Some scholars have argued that whichever side one would support will basically depend on their own long made perceptions. For instance, research has found out that the perception people hold on various media characteristics normally has a great effect on the extent to which they utilize and benefit from such media, and therefore, their perception of the kind of friendship they are able to form thereafter. According to a study reported by Calvert and Wilson (314), those who spend most of their time communicating online, believe that such form of communication is deeper than that which can be achieved through face-to-face communication. Therefore, the extent to which one will use online communication will normally depend on his/her perception concerning its depth and breadth.

The relationship between the two forms of communication can also be explained theoretically. A good example of the theory that can be used in this case is the social penetration theory. It holds that the level to which any relationship can develop will normally be determined by the increase in the level of social penetration between the involved individuals (Calvert and Wilson, 314).  This happens in the case of online communication as well as that in face-to-face communication, since communication always becomes less superficial with the further development of relationships. The process is marked by deeper topic replacing other surface topics in the discussion between the two. However, studies have shown that the process is similar in either form of communication. That is, the extent to which any relating individuals will be free to disclose themselves to one another whether in online or face-to-face communication will directly depend on the quality of their relationship.

Studies have, however, revealed certain differences between the two forms of communication. The major difference criteria is the duration of the friendship established in either case of communication. Studies have overwhelmingly showed that compared to those friendships formed through face-to-face interaction, the one formed through online forms of communication lasts for a shorter period. This has been attributed to the reduced use of social cues as well as the fact that the form of communication makes it impossible for the use of non-verbal signs of communication. Moreover, online communication is also characterized with ideas which are never realistic as well as high level of deception between those who are involved. The breakups experienced in online friendship are, thus, being brought about by such factors as failure to meet one’s ideals or expectations which can be avoided in the case of face-to-face communication where people are more able to discern whether their friends have these characteristics from the very beginning of the relationship.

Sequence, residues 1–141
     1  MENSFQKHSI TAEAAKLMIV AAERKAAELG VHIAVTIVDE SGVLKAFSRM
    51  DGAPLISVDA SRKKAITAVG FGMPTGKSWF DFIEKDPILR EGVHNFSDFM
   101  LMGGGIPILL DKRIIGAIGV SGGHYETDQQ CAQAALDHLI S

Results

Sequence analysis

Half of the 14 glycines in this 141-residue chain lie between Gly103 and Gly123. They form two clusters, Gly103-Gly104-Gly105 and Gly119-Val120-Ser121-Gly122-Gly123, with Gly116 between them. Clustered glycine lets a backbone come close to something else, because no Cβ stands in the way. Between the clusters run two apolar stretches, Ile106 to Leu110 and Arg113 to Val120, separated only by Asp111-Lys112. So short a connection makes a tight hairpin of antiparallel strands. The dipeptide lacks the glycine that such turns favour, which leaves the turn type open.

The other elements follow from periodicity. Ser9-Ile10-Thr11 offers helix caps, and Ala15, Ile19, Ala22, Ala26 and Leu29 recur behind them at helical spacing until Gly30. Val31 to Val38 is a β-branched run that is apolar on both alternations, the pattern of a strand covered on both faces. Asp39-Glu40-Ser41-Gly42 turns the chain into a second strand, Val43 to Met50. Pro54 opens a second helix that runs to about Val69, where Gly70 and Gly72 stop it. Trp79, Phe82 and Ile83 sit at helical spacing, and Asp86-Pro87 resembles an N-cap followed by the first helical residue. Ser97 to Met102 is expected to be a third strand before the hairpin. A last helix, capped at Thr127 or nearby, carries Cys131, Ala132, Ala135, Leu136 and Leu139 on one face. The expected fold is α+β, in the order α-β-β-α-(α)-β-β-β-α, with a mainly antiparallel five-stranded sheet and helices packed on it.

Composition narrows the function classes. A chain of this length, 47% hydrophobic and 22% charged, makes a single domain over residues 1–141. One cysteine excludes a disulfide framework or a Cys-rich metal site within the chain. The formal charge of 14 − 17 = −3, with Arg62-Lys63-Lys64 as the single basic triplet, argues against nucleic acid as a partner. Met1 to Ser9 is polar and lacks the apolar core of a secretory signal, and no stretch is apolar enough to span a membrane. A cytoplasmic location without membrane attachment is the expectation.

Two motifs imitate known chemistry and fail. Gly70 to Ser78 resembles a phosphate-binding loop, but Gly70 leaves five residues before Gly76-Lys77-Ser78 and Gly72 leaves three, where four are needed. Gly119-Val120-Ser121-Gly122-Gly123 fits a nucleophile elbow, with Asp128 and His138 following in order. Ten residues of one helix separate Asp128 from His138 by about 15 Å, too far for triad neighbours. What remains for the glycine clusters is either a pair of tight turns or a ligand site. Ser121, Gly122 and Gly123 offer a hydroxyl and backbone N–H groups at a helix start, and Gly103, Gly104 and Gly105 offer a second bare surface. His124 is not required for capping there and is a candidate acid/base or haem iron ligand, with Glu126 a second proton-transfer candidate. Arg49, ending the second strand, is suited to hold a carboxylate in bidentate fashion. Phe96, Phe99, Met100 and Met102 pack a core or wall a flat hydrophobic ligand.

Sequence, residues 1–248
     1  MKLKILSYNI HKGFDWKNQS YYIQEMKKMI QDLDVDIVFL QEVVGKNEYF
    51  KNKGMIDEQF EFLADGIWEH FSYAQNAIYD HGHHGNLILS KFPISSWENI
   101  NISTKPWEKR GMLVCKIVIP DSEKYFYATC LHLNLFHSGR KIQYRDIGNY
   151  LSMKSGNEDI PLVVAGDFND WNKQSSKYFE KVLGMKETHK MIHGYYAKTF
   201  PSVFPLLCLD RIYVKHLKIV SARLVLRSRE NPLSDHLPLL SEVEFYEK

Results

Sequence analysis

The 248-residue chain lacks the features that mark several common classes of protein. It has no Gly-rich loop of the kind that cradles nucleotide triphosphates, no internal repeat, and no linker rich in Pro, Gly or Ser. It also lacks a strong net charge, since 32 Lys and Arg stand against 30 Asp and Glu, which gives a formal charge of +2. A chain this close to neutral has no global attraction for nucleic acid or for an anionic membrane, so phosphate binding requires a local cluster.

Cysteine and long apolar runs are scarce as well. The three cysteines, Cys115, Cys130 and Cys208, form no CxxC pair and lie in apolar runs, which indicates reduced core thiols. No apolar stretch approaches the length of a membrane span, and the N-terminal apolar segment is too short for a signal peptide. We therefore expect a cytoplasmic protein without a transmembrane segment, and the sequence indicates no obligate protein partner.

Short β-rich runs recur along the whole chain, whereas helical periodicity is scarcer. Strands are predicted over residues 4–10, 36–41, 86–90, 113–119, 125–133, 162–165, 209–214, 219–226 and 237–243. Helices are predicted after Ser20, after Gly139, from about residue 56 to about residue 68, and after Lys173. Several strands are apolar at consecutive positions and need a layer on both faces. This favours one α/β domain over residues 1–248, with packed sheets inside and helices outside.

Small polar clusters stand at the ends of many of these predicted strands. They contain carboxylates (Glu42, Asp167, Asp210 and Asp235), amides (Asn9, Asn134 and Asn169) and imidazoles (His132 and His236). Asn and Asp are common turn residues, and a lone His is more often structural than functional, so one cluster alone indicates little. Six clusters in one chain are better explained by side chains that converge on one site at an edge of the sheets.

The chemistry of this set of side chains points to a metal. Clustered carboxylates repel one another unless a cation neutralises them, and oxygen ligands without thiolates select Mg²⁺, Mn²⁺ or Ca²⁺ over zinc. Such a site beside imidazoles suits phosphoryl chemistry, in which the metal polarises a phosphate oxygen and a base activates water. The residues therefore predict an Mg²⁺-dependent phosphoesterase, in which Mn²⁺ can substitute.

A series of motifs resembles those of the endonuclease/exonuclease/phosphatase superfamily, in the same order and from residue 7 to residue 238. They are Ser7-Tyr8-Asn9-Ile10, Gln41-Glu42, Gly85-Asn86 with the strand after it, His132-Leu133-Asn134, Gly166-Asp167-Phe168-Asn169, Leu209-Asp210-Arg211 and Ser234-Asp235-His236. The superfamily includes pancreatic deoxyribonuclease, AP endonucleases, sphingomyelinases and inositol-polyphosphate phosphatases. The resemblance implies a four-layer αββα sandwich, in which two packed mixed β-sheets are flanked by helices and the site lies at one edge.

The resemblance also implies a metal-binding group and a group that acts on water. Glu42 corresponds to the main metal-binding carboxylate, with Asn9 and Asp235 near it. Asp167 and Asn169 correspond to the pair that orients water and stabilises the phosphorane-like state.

The relationship between the two forms of communication is presented by the two hypotheses; reduction and stimulation. However, the reductive hypothesis has been criticized based on the fact that its findings are basically those done just after the innovation of the internet, when those, who could use the technology were still very few, and people used to basically interact with strangers whom they could meet online from across the world. Recently, most researchers have sided with the premises of the stimulation hypothesis. There is, thus, the need for an independent study, since the inconsistencies of the theory have basically been a result of an individual’s communication and use of different online tools. Just like is the case with face-to-face communication, certain technologies of online communication, such as the service messaging, promote the formation of strong ties. However, to a certain extent, it remains true that online communication normally results into the formation of “weak ties.”

Finally, it is equally true that there may be no big difference between the two forms of communication, because such relationships may begin through online communication and grow into that where parties exchange phone calls and later turn to real-life communication. This means that as the network systems is formed, a good section of the relationships that have been formed online are developing to people having direct contact. This has diffused the initially perceived boundary between the two types of communication with people coming to an agreement that the two forms of communication need each other to be effective in forming and maintaining of “strong ties.”